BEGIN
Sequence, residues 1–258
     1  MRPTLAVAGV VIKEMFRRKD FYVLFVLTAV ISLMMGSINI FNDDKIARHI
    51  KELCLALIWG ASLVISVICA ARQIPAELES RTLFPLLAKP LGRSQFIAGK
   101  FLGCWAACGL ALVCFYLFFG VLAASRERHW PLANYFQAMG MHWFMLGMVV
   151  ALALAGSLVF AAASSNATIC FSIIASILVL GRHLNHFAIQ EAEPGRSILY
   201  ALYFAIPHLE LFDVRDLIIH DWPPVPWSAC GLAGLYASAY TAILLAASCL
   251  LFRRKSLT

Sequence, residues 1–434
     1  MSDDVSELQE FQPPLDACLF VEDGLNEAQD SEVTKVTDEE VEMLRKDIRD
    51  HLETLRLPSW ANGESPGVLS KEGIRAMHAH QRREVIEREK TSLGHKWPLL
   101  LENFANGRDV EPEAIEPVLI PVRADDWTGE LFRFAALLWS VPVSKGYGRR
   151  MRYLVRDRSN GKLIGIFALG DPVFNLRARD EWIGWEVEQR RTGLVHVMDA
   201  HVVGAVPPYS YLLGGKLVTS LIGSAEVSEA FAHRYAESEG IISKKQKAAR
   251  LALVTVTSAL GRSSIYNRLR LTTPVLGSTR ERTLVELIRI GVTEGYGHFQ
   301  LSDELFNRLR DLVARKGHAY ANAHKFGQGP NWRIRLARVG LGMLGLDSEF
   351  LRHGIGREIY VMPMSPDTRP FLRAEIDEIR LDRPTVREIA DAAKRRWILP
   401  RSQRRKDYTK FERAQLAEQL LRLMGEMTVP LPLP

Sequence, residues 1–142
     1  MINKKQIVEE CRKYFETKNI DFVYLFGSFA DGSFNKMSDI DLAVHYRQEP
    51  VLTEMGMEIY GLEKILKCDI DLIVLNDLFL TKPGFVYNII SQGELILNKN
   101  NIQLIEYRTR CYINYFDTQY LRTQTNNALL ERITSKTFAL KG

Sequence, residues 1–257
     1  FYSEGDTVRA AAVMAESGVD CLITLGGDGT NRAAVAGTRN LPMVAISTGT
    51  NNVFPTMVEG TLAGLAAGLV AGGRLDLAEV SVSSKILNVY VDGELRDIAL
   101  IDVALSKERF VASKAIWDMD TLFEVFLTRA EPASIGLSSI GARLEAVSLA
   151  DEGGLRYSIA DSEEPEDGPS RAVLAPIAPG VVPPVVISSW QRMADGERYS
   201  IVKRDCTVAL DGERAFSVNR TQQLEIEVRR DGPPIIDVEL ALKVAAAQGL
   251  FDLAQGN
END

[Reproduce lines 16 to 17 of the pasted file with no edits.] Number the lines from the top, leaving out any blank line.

   351  LRHGIGREIY VMPMSPDTRP FLRAEIDEIR LDRPTVREIA DAAKRRWILP
   401  RSQRRKDYTK FERAQLAEQL LRLMGEMTVP LPLP